Notes and Comment Blog

Our short and pithy observations on the passing scene as it relates to the mission of Butterflies and Wheels. Woolly-headed or razor-sharp comments in the media, anti-rationalist rhetoric in books or magazines or overheard on the bus, it’s all grist to our mill. And sometimes we will hold forth on the basis of no inspiration at all beyond what happens to occur to us.


There’s probably no bus

Oct 9th, 2011 10:47 am | By

Oxford Christians tell Dawkins where to get off.

In 2009, atheists in London paid for 200 adverts on the city’s buses, declaring: “There’s probably no God. Now stop worrying and enjoy your life.”

Now Premier Christian Radio has paid for its own version on Oxford buses, after the distinguished evolutionary biologist turned down the chance to debate with Christian philosopher William Lane  Craig when he visits the city later in the month.

The new advert reads: “There’s probably no Dawkins. Now stop worrying and enjoy Oct 25th at the Sheldonian Theatre.”

The trouble with that as a witticism is that it isn’t true. It’s as if X taunts Y by saying “You flunked out of high school!” and Y returns the favor by saying the same thing, when in the first case it’s true and in the second case it isn’t. That’s one of the first things you learn as a child: when exchanging taunts with a sibling/cousin/friend/enemy you have to avoid that particular trap.

There are good reasons to think there is a Dawkins. I’ve seen him myself, I’ve exchanged a few words with him. I know other people who have talked to him. I’ve seen him on DVDs and YouTube, I’ve heard him on the radio and in podcasts, I have books he’s written. I don’t think Oxford University is deceived about his reality. That’s just a few of the good reasons to think there is a Dawkins.

God is very different in this respect. I’ve never seen God or exchanged words with it. I don’t know anyone who has. I don’t know of any reliable accounts of anyone who has – not one. All the purported information about God that I know of is in the form of stories or apologetics. I’ve never seen God on tv or You Tube or heard God on the radio or in podcasts. I have no books that God has written, though I have one it’s purported to have written (but is obviously written by a number of human beings). There are good reasons not to think God exists, and no good reasons to think God does exist. There are good reasons to think God doesn’t exist.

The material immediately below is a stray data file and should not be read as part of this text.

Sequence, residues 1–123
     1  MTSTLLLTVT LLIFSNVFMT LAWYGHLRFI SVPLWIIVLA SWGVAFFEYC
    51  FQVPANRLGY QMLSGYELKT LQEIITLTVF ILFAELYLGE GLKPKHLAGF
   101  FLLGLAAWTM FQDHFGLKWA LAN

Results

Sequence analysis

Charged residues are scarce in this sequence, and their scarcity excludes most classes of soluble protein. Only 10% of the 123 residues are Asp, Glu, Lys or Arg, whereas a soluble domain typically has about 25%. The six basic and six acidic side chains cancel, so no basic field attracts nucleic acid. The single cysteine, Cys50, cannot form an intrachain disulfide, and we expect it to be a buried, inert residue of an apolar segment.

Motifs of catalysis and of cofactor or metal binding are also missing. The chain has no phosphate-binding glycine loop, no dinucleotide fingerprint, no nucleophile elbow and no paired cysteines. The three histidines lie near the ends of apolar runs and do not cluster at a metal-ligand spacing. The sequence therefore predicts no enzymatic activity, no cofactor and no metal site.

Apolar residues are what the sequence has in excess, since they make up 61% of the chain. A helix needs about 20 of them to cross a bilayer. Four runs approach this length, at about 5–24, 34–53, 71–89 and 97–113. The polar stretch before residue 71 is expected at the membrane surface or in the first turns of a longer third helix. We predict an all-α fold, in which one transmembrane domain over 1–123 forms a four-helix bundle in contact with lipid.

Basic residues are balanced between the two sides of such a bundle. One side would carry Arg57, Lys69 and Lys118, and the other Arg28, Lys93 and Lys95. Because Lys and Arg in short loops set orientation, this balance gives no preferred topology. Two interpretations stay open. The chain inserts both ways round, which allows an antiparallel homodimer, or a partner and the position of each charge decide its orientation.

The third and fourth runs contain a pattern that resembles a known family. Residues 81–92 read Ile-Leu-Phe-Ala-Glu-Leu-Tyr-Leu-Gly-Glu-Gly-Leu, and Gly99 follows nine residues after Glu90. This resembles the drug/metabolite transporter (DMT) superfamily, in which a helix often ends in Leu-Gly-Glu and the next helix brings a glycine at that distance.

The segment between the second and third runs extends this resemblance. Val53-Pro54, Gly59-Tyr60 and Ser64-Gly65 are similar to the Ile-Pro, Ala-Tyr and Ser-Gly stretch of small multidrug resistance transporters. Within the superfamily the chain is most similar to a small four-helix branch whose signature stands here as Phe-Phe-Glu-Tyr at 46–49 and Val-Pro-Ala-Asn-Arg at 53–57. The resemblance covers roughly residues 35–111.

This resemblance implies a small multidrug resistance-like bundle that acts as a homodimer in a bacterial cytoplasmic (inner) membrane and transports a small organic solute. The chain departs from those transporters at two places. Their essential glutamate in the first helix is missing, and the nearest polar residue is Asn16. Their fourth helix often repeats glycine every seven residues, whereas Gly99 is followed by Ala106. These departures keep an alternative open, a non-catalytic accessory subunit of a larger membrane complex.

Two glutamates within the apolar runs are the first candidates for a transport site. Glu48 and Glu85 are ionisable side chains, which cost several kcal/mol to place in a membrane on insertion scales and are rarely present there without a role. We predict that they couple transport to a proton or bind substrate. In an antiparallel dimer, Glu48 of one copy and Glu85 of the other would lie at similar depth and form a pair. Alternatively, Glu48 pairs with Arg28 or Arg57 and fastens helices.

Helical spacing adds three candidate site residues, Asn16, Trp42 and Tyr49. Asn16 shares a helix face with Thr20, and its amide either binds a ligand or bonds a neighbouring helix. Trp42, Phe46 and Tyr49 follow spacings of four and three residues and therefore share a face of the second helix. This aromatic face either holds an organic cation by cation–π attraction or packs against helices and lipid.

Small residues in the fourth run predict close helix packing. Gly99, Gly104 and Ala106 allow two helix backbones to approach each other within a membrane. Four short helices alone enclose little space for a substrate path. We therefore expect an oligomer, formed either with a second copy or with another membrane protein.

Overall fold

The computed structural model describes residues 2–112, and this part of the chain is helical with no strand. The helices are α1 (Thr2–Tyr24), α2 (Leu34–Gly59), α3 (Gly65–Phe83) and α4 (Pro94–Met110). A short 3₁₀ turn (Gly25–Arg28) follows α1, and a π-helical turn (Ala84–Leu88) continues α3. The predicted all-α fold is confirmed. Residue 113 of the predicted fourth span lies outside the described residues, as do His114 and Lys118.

So the two ads are asymmetrical, you see. Because there are good reasons to think God doesn’t exist, the sentence ”There is probably no God” is not a daft sentence, while because there are good reasons to think Dawkins does exist, “There is probably no Dawkins” is a daft sentence.

(This is a syndicated post. Read the original at FreeThoughtBlogs.)



Seen today in Trafalgar Square

Oct 8th, 2011 5:27 pm | By

Terry Glavin reports that Peter Tatchell went to a stoppers’ rally in Trafalgar Square today.

Attaboy Peter.

(This is a syndicated post. Read the original at FreeThoughtBlogs.)



Libbruls unfair to evangelicals

Oct 8th, 2011 4:06 pm | By

Richard Bartholomew signs an open letter to Jim Wallis from writers about US religion and politics. The letter says

Dear Jim Wallis,

We are writing in response to your e-mail to the Sojourners list on September 29th, and your similar piece on The Huffington Post, in which you claim that “some liberal writers” — whom you do not name — are broad brushing evangelical Christians as “intellectually-flawed right-wing crazies with dangerous plans for the country.” You characterize unnamed writers — writers like us — as people who are “all too eager to discredit religion as part of their perennial habit and practice.” This charge is as unfair as it is unsubstantiated.

we are concerned that you have endorsed the essay by Mark I. Pinsky that appeared recently in USA Today. That piece attacked some of us by name and all of us by implication. Pinsky’s is but the latest in a series of prominently published smears against those of us who write about these subjects and their ties to powerful political interests. We are disturbed that you would cheer on these ad hominem attacks.

Finally, Pinsky tries to blame much of the published criticism of these elements of evangelicalism on left-wing Jews. We, including the majority of us who are not Jews, view this as a transparent effort to intimidate Jewish writers. We are shocked that you are endorsing and promoting Pinsky’s attack on these writers, whose work is well-sourced and painstakingly researched.

We want to remind you that in his essay Pinsky goes so far as to compare the work of those four Jewish writers to some of the worst anti-Semitic smears in history, including false claims that Jews had “horns and tails, ate the blood of Christian children and poisoned the wells of Europe with plague.. [and] conspired to rule the world through our Protocols.”

Whatever one may think of any of our published work, the fact is that none of it is remotely analogous to the false claims in the various notorious anti-Semitic forgeries known as the Protocols of the Elders of Zion. Pinsky ‘s equation of the work of the writers he names with the Protocols is despicable.

We value honest disagreement and debate, and hope that you value these as well. Indeed, as writers we know how essential they are to clarifying and even resolving differences, correcting errors of fact — and dare we say, perspective. These are necessary ingredients for democracy itself. We invite you take issue with any specific facts or characterizations in our work. Then we will have something to talk about. But we will not be silent in the face of smears and intimidation tactics — which are so very far from the values of the faith traditions from which many of us hail, and the civic values of free speech and respect for religious pluralism that we all share.